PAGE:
The US government took steps last week to bolster the domestic production of critical minerals and metals required for renewable technologies like electric vehicles.
President Joe Biden authorised the use of the Defence Production Act, which gives Biden access to funding and other powers to provide more support for mineral exploration, processing, mining and recycling.
“We need to end our long-term reliance on China and other countries for inputs that will power the future,” said Mr Biden last week at the White House.
Now that’s easier said than done.
In 2020, the US had a number of materials to which domestic production was practically non-existent.
Last week, US Commerce Secretary Gina Raimondo and Australian Trade Minister Dan Tehan met with several mining executives to discuss the rules that prevent US financing agencies from investing in Australia projects.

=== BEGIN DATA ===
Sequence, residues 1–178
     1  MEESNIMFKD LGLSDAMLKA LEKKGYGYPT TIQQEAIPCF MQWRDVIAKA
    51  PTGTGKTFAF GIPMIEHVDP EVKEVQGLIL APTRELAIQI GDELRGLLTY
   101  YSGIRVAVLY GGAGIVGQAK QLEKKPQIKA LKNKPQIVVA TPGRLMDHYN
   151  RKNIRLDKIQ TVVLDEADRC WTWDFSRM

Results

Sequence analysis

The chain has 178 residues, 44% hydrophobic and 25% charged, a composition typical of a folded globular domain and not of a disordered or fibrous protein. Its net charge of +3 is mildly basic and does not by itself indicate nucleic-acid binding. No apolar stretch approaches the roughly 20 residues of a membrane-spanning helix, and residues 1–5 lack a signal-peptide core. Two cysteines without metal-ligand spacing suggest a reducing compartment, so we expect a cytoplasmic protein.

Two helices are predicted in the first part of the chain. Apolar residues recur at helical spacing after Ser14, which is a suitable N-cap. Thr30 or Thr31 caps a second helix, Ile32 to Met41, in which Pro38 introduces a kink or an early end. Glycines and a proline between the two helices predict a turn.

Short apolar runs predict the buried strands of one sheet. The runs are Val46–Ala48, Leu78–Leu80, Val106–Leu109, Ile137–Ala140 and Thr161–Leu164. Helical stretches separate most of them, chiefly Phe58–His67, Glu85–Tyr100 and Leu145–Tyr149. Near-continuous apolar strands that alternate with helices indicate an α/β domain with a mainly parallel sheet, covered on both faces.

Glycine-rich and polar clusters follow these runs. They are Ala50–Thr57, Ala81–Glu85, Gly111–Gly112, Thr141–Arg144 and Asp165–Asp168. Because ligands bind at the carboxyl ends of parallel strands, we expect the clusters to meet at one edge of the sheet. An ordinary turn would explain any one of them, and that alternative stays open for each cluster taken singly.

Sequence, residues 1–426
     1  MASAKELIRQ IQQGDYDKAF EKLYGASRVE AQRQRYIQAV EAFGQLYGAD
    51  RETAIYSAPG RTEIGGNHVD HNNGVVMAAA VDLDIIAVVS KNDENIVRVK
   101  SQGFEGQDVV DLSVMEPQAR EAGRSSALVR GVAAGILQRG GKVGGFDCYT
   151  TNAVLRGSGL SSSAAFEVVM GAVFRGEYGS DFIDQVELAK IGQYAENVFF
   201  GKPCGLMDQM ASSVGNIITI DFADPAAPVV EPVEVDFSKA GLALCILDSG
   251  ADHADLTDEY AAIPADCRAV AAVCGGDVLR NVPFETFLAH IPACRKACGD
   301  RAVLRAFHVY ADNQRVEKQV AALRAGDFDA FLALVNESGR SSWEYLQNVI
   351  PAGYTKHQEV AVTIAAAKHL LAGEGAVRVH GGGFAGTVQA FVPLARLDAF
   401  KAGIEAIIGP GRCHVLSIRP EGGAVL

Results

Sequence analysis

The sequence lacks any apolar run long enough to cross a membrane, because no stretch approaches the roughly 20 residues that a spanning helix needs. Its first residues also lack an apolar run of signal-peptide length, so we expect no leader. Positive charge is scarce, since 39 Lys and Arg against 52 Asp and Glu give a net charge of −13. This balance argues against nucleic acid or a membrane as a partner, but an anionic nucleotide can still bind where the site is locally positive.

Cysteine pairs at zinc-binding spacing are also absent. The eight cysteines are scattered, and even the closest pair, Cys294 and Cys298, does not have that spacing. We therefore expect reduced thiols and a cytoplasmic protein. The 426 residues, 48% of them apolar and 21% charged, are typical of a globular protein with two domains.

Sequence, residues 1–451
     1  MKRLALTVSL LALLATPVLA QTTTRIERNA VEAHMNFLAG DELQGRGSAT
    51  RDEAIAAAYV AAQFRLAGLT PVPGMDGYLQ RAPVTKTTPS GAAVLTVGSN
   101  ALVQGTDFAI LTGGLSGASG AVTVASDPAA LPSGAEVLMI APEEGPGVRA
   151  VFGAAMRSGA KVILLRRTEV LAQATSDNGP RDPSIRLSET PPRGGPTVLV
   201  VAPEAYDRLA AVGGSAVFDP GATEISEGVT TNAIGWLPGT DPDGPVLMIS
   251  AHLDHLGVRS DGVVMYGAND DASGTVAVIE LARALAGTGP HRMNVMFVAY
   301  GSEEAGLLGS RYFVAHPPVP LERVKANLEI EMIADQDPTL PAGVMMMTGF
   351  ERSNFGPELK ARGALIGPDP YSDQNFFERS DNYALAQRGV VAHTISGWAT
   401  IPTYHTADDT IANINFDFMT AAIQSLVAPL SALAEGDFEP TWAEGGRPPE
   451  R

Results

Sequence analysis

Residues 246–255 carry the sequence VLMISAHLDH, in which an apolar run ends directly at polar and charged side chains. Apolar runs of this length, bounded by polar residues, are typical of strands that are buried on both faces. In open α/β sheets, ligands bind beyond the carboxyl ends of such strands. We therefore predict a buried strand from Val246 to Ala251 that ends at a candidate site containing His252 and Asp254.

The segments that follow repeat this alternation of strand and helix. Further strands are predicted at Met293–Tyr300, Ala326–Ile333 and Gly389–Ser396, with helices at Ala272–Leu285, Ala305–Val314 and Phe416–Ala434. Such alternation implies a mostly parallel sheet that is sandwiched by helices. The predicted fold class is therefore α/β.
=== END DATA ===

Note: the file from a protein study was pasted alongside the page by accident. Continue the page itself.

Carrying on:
According to the Australian Financial Review, CEOs of 4 ASX-listed critical companies accompanied the minister on his trip. This included:
Mr Tehran is hoping to lay the groundwork for rules for how US organisations can finance Aussie projects, in addition to a framework for how the US and other countries can do so.
The ongoing Australia-US discussions is still a work-in-progress. However, these developments represent yet another vote of confidence for the supply-tight and critical nature of these materials.
Project financing is a risk for all exploration companies, but with the way things are going, it looks like there are plenty of investors and organisations willing to front up cash to help projects come online.
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